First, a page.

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The recent outbreak of the mysterious pneumonia-like infection called Severe Acute Respiratory Syndrome (SARS) has a sparked a worldwide wave of fear as the number of documented cases continues to rise.
The recent outbreak of the mysterious pneumonialike infection called severe acute respiratory syndrome (SARS) is sparking worldwide jitters as the number of documented cases continues to rise. The outbreak has received extensive media coverage all over the world.
According to the Centers for Disease Control & Prevention, no specific treatment recommendations for SARS can be made at this time, because the etiology of the disease is uncertain. The cause of SARS is believed to be a previously unrecognized strain of the coronavirus. The agency is recommending that patients be treated empirically with antibacterial drugs targeting organisms associated with community-acquired pneumonia.
Robert Fowler, M.D., assistant professor of medicine, Sunnybrook and Women's College Health Sciences Centre, Toronto, said that the currently used treatment regimen also includes ribavirin. The dosing regimen for ribavirin is a 2-gm loading dose administered intravenously, followed by 1 gm intravenously every six hours for four days, then 0.5 gm intravenously every eight hours for six days, he said. The patient may then be switched to oral ribavirin, depending on the clinical circumstances.
The World Health Organization, the CDC, and the Food & Drug Administration recently contacted ICN Pharmaceuticals regarding the availability of intravenous ribavirin, which the company markets under the brand name Virazole. ICN is cooperating with the agencies, although it has not conducted any clinical research to support the use of intravenous ribavirin for the treatment of SARS.
In terms of antibacterial drugs, Fowler said the regimen in use at his institution is 500 mg of levofloxacin (Levaquin, Ortho-McNeil), either intravenously or orally once daily, or 750 mg of cefuroxime intravenously every eight hours and 500 mg of azithromycin (Zithromax, Pfizer), either intravenously or orally once daily.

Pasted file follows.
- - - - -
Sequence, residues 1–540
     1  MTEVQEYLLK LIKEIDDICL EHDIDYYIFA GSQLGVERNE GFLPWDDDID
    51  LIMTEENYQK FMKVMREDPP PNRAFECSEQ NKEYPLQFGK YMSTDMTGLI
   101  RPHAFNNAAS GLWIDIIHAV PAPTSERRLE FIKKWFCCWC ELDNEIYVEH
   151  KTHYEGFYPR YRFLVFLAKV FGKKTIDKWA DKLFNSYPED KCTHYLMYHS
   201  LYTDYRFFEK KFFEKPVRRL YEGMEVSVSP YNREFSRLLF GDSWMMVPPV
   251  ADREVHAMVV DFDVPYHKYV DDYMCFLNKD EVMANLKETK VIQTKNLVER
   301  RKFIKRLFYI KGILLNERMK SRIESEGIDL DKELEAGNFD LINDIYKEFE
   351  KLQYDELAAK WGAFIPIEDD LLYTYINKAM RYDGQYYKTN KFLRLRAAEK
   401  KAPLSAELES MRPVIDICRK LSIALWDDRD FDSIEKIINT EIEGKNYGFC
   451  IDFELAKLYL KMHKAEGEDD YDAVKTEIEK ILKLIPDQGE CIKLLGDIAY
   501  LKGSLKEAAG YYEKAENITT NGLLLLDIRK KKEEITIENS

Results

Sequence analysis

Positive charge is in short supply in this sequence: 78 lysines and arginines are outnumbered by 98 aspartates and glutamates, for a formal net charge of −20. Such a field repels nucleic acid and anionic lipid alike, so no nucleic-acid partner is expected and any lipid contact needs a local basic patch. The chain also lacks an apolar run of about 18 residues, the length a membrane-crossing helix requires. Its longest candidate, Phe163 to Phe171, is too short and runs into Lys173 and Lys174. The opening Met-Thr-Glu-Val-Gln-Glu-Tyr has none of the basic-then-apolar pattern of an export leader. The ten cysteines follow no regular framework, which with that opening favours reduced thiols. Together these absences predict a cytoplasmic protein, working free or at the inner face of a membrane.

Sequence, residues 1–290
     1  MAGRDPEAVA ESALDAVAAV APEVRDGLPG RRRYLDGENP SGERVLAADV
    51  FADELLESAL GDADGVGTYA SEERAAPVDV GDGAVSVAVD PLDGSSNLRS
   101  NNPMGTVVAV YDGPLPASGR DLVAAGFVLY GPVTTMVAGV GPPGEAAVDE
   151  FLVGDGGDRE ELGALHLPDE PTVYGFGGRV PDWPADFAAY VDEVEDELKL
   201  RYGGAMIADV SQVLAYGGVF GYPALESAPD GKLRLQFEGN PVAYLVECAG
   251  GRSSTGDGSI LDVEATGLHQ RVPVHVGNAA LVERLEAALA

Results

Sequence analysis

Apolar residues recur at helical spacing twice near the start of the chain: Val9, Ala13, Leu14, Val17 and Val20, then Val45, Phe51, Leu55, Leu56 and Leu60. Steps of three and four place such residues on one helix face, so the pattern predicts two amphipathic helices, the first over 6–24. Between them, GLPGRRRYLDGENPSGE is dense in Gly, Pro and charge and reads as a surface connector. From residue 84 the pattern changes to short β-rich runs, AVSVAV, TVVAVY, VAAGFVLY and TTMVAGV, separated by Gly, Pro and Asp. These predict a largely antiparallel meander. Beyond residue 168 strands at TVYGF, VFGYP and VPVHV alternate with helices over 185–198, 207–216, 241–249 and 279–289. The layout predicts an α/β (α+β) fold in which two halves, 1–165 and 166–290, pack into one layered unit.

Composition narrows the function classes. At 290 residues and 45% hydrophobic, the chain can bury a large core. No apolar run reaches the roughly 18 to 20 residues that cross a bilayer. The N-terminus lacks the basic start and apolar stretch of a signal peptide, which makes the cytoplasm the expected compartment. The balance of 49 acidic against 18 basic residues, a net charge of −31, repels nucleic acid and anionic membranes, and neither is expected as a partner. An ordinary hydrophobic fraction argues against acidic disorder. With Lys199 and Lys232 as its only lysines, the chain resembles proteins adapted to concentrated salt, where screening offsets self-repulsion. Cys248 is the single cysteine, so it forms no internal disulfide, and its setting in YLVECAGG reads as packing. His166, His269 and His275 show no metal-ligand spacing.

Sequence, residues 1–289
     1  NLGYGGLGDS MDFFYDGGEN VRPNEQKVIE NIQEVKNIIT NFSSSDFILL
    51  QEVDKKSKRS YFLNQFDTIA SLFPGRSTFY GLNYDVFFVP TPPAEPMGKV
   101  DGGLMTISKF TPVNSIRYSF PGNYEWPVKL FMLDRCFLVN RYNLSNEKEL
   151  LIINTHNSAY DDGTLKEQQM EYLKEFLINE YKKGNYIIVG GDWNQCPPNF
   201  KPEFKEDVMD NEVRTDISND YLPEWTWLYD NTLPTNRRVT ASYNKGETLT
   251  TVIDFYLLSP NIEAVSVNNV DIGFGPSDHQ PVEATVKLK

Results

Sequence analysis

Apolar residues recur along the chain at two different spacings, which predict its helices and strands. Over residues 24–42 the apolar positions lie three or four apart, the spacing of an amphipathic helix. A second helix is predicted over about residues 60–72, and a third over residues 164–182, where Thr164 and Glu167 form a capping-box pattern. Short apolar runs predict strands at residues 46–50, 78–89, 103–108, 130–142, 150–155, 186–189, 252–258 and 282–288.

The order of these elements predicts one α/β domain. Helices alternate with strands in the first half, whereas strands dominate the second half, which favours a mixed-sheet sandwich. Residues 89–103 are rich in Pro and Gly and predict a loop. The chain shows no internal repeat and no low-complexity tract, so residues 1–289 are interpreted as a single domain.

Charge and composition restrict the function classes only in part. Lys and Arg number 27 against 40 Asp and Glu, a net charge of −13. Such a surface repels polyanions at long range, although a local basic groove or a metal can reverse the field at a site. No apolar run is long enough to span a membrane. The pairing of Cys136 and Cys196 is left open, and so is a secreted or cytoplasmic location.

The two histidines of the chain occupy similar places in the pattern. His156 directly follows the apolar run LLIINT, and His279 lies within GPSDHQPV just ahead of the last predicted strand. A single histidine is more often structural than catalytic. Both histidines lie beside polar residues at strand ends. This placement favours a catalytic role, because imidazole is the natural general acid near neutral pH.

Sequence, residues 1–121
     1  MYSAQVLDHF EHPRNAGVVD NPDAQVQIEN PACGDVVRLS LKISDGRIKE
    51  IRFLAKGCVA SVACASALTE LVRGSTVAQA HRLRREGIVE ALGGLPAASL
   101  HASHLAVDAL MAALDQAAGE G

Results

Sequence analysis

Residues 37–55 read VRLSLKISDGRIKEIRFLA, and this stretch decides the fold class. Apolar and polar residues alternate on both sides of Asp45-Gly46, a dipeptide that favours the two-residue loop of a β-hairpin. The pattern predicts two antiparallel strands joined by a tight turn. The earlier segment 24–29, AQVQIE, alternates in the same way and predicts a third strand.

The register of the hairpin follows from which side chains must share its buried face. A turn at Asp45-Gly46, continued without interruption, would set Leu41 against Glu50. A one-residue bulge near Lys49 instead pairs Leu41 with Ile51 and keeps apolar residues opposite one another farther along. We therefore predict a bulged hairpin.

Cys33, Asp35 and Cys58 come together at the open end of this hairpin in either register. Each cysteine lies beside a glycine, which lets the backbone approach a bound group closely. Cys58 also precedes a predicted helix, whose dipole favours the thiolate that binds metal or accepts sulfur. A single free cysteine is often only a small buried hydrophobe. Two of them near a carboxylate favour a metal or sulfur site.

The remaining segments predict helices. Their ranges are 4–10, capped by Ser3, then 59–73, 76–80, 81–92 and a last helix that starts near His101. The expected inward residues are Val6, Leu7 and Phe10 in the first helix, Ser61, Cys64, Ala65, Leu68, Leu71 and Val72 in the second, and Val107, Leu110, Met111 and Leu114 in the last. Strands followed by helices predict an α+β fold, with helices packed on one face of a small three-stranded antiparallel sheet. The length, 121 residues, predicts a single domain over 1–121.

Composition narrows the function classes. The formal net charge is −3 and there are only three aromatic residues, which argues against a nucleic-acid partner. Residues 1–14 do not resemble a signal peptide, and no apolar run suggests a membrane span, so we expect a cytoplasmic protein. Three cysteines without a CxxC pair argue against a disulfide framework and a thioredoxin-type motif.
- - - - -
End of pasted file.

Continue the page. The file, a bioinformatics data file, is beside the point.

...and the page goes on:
Some physicians have advocated adding steroids to the regimen of ribavirin to reduce inflammation in the lungs, said Aaron Glatt, M.D., chief of infectious diseases and associate dean, St. Vincent's Catholic Medical Centers, Brooklyn and Queens, N.Y. Studies have not yet evaluated treatments for SARS in a rigorous scientific manner, however, he said.
Pharmacists have an important role in counseling patients about the adverse effects of ribavirin, Fowler said. Women who might be pregnant should take a pregnancy test prior to beginning ribavirin therapy, because the drug can cause birth defects. In addition, women who are considering pregnancy within the next six months should not use ribavirin, he cautioned.
Persons taking ribavirin should have their hemoglobin and hematocrit checked periodically, Fowler added. Bilirubin and lactate dehydrogenase levels should also be monitored regularly.
SARS appears to be spread through close contact, probably through droplet transmission, Fowler said. There appears to be minimal to no airborne transmission per se, other than what is spread through close contact, he added.
When treating patients who have SARS, it is very important to maintain full contact precautions and infection-control measures, said Fowler. These precautions include the use of gowns, gloves, and N95 respirator masks with face shields or glasses, he noted. Patients in isolation should be placed in negative pressure rooms.
Persons with SARS present with a temperature of >100.5ºF (>38ºC) and one or more respiratory symptoms such as cough, difficulty breathing, hypoxia, or shortness of breath, Fowler stated. They have a travel history to Hong Kong; the People's Republic of China; Hanoi, Vietnam; or Singapore within 10 days of symptom onset, or close contact with a person with a respiratory illness who has traveled to those places.
In an effort to educate healthcare professionals and calm the fears of the general public, CDC and WHO have set up Web pages dedicated exclusively to information about the disease. These Web pages provide answers to frequently asked questions about SARS and guidelines for the management and containment of the infection that targets both clinicians and patients. Transcripts of media briefings given by CDC and WHO leaders are also available.
The CDC Web page about SARS can be found at http://www.cdc.gov/ncidod/sars and the WHO Web page at http://www.who.int/csr/sars/en. The number of SARS cases worldwide is updated daily on the WHO page, and the number of cases in the United States is updated daily on the CDC page. The number of suspected cases under investigation in the United States had reached 148 at press time. Other information on both pages is posted as it becomes available.
Charlotte LoBuono. How you can counsel patients on drug treatments for SARS. Drug Topics Apr. 21, 2003;147:30.